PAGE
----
The Winter Sea

This is my first read for my local book club.

The Winter Sea, by Susanna Kearsley
Dec 1, 2010 – Fiction – 544 pages ★★★☆☆ 

I have noticed a pattern, I start off books very enthusiastically. Some stay that great, others, -like this-, fade a bit. I owe my friends Lisa and Jeanne an apology. I thought that, given the love for this type of books they have and their love for Scotland, it would be a wonderful read. I still think you would not be disappointed, but just know it’s in the Jamaica Inn (by Daphne du Maurier) category, only longer, -wink.

I consider this book a good B class book. The classics may have spoiled me, but at one point, it pained me to spend a full 544 pages on this book, while I have others in queue, specially my first pick for the

 
 
Glimpses of the Moon, by Edith Wharton
 
and with the Ambleside Online Forum Book Club,
 
Paradise Lost, by Milton
 
Without spoiling it for you, this book is set in our times. A writer goes to Scotland where she is from and where her agent lives, to gather inspiration for the book she is writing about the Jacobite plot to bring king James back to Scotland. The book thus has two narratives, the present, and the chapters of the book that happen in the past.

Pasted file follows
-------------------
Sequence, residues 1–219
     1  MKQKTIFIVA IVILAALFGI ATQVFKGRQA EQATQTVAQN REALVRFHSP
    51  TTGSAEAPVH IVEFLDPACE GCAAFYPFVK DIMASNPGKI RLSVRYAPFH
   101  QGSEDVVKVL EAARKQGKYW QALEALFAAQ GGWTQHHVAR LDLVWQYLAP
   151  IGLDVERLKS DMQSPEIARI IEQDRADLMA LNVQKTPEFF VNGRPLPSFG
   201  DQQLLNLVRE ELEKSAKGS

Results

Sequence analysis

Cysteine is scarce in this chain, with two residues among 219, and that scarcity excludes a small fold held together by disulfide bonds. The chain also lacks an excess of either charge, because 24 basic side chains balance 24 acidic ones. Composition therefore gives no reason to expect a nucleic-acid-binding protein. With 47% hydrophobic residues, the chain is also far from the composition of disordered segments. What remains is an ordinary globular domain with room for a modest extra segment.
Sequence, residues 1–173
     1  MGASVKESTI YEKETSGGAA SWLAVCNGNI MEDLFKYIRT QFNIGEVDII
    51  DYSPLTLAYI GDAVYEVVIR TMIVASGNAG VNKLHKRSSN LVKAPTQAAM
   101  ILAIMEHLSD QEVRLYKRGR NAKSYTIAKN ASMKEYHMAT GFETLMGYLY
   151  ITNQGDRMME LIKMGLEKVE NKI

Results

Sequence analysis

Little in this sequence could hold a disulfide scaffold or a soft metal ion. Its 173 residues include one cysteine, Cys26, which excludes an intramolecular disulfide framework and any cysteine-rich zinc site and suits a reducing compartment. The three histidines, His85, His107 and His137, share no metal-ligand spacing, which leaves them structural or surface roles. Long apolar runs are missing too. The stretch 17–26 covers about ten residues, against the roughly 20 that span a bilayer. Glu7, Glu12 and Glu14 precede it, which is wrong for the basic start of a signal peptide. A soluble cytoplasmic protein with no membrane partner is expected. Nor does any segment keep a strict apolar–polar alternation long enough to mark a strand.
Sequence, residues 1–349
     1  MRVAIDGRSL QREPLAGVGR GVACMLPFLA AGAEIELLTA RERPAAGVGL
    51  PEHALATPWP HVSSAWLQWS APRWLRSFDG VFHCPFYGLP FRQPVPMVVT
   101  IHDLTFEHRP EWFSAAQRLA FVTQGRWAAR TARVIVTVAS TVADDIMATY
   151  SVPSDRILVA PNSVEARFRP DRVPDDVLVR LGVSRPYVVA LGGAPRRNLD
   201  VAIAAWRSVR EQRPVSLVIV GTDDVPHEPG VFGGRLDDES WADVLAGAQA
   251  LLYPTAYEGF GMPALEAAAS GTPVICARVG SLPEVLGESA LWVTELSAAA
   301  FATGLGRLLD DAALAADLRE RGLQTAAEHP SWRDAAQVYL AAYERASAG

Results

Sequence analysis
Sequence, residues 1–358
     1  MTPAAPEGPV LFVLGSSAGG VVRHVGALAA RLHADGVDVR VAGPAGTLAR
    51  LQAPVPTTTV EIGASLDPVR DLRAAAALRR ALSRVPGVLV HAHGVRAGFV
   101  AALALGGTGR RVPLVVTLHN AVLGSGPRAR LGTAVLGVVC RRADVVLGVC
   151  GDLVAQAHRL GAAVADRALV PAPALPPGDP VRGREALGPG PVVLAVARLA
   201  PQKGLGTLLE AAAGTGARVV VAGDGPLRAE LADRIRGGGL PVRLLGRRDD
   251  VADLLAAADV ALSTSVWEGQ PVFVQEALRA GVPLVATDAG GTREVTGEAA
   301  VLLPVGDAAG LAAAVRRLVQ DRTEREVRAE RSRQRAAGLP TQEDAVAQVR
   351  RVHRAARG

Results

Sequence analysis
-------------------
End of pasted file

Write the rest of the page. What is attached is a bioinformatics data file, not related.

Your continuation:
I enjoyed the plot, and the sweetness of the characters. Most of the people in the book are very likable. I did a mix of listening to it and reading, and I’m glad of that, for now I can hear the Scottish ring every time I took over the audio.
 
In all honesty, the book drags a bit. I don’t find her writing style particularly engaging, it felt as wearing house shoes. Nothing wrong with house shoes type of novels, but I like to go on dates with my reading, and be a bit more surprised. She could have simmered the book a bit longer, we did not need to be with those people forever and ever. However, I’m not going to leave the review in bad terms. Thanks, Susanna Kearsley, for introducing me to Sophie, Moray, Graham, James, Carrie, Jane, and for taking me to Cruden Bay (between Aberdeen and Edinburgh) near Slain Castle.
 
I’m seeing wonderful reviews at Amazon as I’m typing this, and as the Amazon page says, she is compared to Maurier and Gabaldon (which I have not read).  I like Maurier, but I thank her for keeping her books as to the point mysteries of a proportioned size.
 
I realize not all of us are at the same place as readers (simply meaning interests, goals, aspirations), that’s why this book was not fully loved, it ate up much of my reading time for what it gave me when I was reading it.
 
What I don’t regret about having read it, it’s that I will get to discuss it at our February get together, and it’s made me crave fish and chips. (I plan to take some to the book club date).
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